Cadmium exposure and sulfate limitation reveal differences in the transcriptional control of three sulfate transporter (Sultr1;2) genes in Brassica juncea
1 Dipartimento di Scienze Agrarie e Ambientali – Produzione, Territorio, Agroenergia, Università degli Studi di Milano, 20133 Milano, Italy
2 Biochimie et Physiologie Moléculaire des Plantes, Unité mixte de recherche, Montpellier SupAgro (Département Biologie et Ecologie), INRA, CNRS, Université de Montpellier 2, 34060 Montpelliercedex 2, France
BMC Plant Biology 2014, 14:132 doi:10.1186/1471-2229-14-132Published: 16 May 2014
Cadmium (Cd) exposure and sulfate limitation induce root sulfate uptake to meet the metabolic demand for reduced sulfur. Although these responses are well studied, some aspects are still an object of debate, since little is known about the molecular mechanisms by which changes in sulfate availability and sulfur metabolic demand are perceived and transduced into changes in the expression of the high-affinity sulfate transporters of the roots. The analysis of the natural variation occurring in species with complex and highly redundant genome could provide precious information to better understand the topic, because of the possible retention of mutations in the sulfate transporter genes.
The analysis of plant sulfur nutritional status and root sulfate uptake performed on plants of Brassica juncea – a naturally occurring allotetraploid species – grown either under Cd exposure or sulfate limitation showed that both these conditions increased root sulfate uptake capacity but they caused quite dissimilar nutritional states, as indicated by changes in the levels of nonprotein thiols, glutathione and sulfate of both roots and shoots. Such behaviors were related to the general accumulation of the transcripts of the transporters involved in root sulfate uptake (BjSultr1;1 and BjSultr1;2). However, a deeper analysis of the expression patterns of three redundant, fully functional, and simultaneously expressed Sultr1;2 forms (BjSultr1;2a, BjSultr1;2b, BjSultr1;2c) revealed that sulfate limitation induced the expression of all the variants, whilst BjSultr1;2b and BjSultr1;2c only seemed to have the capacity to respond to Cd.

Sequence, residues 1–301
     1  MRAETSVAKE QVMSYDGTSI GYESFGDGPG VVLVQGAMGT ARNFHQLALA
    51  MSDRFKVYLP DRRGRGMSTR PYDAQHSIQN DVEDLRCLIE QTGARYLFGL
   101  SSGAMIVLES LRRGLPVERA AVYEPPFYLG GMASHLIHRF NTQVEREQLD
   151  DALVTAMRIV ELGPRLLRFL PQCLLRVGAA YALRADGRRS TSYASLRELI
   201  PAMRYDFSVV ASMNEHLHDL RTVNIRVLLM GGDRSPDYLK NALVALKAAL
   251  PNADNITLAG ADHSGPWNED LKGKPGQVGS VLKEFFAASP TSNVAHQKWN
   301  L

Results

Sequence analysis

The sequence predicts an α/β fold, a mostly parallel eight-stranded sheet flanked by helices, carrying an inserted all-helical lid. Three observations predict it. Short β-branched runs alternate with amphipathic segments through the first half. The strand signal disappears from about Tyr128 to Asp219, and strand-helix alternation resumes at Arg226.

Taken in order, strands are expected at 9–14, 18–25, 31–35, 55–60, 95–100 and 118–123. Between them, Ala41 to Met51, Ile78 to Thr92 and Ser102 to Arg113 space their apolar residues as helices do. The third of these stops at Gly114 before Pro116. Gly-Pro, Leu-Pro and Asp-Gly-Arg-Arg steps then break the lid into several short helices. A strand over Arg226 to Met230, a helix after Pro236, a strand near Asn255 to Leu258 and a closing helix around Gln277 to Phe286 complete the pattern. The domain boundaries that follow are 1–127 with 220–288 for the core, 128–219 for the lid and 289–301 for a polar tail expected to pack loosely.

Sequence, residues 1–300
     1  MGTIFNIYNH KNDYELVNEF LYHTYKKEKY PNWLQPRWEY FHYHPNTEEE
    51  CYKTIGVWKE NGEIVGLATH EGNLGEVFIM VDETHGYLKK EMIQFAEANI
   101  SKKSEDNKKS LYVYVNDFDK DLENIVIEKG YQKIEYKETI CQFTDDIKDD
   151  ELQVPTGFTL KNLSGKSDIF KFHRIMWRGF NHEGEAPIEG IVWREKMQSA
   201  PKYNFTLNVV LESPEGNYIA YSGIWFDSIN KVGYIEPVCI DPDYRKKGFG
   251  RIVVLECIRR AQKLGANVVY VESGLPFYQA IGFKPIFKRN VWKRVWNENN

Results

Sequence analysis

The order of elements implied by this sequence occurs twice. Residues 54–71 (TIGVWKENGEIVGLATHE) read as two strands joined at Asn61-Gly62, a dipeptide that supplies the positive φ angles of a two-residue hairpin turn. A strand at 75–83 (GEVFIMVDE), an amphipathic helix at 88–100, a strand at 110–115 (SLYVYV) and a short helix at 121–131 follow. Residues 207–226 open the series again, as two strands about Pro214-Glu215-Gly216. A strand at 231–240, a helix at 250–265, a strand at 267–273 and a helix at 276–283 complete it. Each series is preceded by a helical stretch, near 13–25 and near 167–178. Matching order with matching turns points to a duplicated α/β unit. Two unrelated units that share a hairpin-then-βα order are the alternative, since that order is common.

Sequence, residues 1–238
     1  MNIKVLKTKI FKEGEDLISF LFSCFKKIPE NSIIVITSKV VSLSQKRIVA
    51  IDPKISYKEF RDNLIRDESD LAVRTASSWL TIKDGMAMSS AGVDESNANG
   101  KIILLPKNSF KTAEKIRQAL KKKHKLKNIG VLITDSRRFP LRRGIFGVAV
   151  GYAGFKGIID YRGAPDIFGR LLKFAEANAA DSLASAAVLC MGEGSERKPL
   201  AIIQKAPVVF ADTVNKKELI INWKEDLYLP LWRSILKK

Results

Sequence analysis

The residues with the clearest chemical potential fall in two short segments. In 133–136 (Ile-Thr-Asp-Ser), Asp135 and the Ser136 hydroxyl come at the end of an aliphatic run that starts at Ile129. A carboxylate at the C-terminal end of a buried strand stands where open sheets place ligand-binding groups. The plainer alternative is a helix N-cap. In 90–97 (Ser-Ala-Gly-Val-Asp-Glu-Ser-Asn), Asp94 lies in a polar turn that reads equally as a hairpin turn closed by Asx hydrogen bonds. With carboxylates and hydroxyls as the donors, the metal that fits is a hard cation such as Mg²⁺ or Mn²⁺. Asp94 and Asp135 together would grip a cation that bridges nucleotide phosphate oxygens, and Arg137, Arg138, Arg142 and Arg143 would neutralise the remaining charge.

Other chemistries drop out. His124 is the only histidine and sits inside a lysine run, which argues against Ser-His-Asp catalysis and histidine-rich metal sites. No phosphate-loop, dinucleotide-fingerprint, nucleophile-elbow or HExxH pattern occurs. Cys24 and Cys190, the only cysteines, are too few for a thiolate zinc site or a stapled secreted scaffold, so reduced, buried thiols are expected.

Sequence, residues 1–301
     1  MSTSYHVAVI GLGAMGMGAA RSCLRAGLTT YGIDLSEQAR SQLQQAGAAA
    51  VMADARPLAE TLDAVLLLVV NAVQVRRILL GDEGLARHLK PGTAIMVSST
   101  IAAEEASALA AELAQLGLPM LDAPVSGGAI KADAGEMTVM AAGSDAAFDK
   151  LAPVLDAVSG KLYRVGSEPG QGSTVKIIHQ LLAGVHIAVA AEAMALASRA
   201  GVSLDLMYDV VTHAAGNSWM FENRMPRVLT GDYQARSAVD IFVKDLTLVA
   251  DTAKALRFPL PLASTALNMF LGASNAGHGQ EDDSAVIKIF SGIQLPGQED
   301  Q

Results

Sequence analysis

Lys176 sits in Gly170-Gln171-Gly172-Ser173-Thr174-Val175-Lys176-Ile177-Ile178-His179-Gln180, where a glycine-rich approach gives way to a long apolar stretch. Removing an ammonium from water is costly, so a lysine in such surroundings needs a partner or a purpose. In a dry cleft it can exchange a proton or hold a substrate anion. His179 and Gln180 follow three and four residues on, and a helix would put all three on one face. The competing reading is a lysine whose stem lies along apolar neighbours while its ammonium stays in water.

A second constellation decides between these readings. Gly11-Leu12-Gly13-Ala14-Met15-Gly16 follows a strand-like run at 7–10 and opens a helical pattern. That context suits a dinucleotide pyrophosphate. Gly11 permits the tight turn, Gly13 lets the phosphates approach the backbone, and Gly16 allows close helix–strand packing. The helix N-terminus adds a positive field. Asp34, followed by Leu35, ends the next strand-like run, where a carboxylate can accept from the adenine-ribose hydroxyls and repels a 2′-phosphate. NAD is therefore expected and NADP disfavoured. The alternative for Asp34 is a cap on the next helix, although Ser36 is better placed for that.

A novel method to estimate the apparent kM for sulfate, avoiding the use of radiotracers, revealed that BjSultr1;1 and BjSultr1;2a/b/c are fully functional high-affinity sulfate transporters. The different behavior of the three BjSultr1;2 variants following Cd exposure or sulfate limitation suggests the existence of at least two distinct signal transduction pathways controlling root sulfate uptake in dissimilar nutritional and metabolic states.